Aspendos, like most of the other Pamphylian cities, reached its height in the second and third centuries A.D. Most of the monumental architecture still visible here today dates to this golden age. Although the city was not on the coast, the river Eurymedon, on whose banks it was situated, allowed ships to reach it. This accessibility, together with the productive plain and the thickly forested mountains that lay behind Aspendos, were major factors in its development. Gold and silver embroidered tapestries woven in the city, furniture and figurines made from the wood of lemon trees, salt obtained from nearby Lake Capria, wine, and especially the famous horses of Aspendos were its foremost exports. Although they were renowned as grape growers and wine merchants, they did not offer wine to their gods in their religious rites. They explained this omission by saying that if wine were reserved for the gods, birds would not have the courage to eat grapes.

Few Aspendians made a name for themselves in history. Andromachos was a famous military commander in his day and was also the governor of Phoenicia and Syria. Little is known of the work of the native philosopher Diodorus, but that he wore the long hair, dirty clothes, and bare feet of the Cynics, which suggests he was influenced by Pythagorus.

At the beginning of the thirteenth century, Aspendos began to bear the imprint of settlement by the Seljuk Turks, especially during the reign of Alaeddin Keykubat I, when the theatre was thoroughly restored, embellished in Seljuk style with elegant tiles, and used as a palace.

At the end of the road that turns off the Antalya -Alanya highway, we come to the most magnificent, as well as functionally the best resolved and most complete example of a Roman theatre. The building, faithful to the Greek tradition, is partially built into the slope of a hill. Today visitors enter the stage building via a door opened in the facade during a much later period. The original entrances, however, are the vaulted paradoses at both ends of the stage building. The cavea is semicircular in shape and divided in two by a large diazoma. There are 21 tiers of seats above and 20 below. To provide ease of circulation so that the spectators could reach their seats without difficulty, radiating stairways were built, 10 in the lower level starting at the orchestra and 21 in the upper beginning at the diazoma. A wide gallery consisting of 59 arches and thought to have been built at a later date, goes from one end of the upper cavea to the other. From an architectural point of view, the diazoma's vaulted gallery acts as a substructure supporting the upper cavea. As a general rule of protocol, the private boxes above the entrances on both sides of the cavea were reserved for the Imperial family and the vestal virgins. Beginning from the orchestra and going up, the first row of seats belonged to senators, judges, and ambassadors, while the second was reserved for other notables of the city. The remaining sections were open to all the citizens. The women usually sat on the upper rows under the gallery. From the names carved on certain seats in the upper cavea, it is clear that these too were reserved. Although it is impossible to determine the exact seating capacity of the theatre, it is said to have seated between 10,000 and 12,000 people. In recent years, concerts given in the theatre as part of the Antalya Film and Art Festival, have shown that as many as 20,000 spectators can be crowded into the seating area.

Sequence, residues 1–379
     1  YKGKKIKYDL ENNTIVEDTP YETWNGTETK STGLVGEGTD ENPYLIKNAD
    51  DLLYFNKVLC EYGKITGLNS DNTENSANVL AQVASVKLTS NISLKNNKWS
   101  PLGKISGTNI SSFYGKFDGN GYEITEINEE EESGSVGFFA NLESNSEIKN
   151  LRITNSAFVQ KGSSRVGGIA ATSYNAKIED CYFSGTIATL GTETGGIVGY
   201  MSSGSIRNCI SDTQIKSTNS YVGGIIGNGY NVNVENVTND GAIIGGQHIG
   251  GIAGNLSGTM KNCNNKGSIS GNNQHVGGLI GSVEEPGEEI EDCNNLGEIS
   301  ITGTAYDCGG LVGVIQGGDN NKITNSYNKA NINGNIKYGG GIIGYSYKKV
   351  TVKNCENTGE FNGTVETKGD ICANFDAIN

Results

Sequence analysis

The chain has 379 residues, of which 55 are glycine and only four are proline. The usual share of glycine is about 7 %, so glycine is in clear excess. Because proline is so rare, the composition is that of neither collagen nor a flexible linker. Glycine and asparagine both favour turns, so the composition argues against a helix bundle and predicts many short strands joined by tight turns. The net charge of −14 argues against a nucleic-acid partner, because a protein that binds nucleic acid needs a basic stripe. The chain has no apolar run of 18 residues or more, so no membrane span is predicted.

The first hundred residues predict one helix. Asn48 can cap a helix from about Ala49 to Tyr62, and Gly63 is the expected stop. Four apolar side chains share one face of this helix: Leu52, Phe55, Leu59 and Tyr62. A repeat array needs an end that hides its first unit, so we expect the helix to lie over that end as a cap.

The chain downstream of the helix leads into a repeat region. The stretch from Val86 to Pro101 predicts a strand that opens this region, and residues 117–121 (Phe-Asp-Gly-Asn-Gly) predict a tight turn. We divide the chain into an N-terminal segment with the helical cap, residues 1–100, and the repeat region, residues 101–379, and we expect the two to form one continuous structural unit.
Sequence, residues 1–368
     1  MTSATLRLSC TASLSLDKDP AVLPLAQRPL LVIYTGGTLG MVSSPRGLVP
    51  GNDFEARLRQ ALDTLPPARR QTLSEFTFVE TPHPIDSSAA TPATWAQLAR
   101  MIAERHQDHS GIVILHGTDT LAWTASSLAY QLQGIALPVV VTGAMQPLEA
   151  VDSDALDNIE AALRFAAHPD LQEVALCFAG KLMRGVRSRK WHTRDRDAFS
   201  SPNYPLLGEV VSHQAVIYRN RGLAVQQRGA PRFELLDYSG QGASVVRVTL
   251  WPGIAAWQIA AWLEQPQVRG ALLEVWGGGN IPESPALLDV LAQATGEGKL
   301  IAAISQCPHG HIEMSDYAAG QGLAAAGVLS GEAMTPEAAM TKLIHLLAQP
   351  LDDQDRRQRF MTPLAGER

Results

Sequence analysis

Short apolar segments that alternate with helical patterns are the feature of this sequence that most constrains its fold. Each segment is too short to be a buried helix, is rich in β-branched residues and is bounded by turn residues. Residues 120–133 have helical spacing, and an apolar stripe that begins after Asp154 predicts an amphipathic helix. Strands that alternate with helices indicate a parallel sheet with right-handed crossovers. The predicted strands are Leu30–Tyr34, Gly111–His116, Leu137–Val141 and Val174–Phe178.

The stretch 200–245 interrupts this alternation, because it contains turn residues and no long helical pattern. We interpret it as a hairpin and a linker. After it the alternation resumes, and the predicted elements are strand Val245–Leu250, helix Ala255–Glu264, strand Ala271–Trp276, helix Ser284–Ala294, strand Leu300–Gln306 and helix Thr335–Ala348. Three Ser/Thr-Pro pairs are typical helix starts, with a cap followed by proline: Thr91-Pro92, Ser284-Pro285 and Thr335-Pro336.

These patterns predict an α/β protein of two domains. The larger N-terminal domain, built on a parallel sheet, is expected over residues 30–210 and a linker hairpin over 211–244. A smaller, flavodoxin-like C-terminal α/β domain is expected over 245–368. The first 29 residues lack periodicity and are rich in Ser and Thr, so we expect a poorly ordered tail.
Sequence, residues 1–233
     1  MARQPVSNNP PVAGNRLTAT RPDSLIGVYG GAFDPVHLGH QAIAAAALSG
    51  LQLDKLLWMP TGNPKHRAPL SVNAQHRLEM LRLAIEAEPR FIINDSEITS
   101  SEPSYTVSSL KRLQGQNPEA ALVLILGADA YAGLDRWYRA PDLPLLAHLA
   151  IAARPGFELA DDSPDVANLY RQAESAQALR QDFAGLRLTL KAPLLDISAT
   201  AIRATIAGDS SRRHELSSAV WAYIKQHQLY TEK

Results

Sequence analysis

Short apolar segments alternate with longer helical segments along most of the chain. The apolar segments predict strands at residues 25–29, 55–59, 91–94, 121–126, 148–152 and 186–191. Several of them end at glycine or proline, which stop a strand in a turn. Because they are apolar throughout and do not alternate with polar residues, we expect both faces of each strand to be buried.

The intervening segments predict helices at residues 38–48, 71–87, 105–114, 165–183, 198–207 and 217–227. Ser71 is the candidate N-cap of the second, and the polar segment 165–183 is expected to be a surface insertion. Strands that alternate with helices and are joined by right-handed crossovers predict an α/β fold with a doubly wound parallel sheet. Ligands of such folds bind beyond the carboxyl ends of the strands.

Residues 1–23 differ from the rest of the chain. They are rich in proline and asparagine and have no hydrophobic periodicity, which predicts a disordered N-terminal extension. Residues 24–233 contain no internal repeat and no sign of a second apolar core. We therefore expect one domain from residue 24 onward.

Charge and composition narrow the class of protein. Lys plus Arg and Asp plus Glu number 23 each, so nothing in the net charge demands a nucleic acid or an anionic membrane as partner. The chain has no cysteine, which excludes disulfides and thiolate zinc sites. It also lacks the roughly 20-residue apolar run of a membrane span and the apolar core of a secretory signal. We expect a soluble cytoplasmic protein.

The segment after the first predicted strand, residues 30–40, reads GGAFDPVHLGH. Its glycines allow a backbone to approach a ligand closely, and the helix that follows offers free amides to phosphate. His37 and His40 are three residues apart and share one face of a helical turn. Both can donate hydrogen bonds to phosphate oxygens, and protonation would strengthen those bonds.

Without doubt the Aspendos theatre's most striking component is the stage building. On the lower floor of this two-storey structure, which is built of conglomerate rock, were five doors providing the actors entrance to the stage. The large door at the centre was known as the porta regia, and the two smaller ones on either side as the porta hospitales. The small doors at orchestra level belong to long corridors leading to the areas where the wild animals were kept. From surviving fragments it appears that sculptural works were placed in niches and aedicula under triangular and semicircular pediments.

In the pediment at the centre of the colonnaded upper floor is a relief of Dionysos, the god of wine and the founder and patron of theatres. Red zigzag motifs against white plaster, visible on some portions of the stage building, date to the Seljuk period. The top of the stage building is covered with a highly ornamented wooden roof.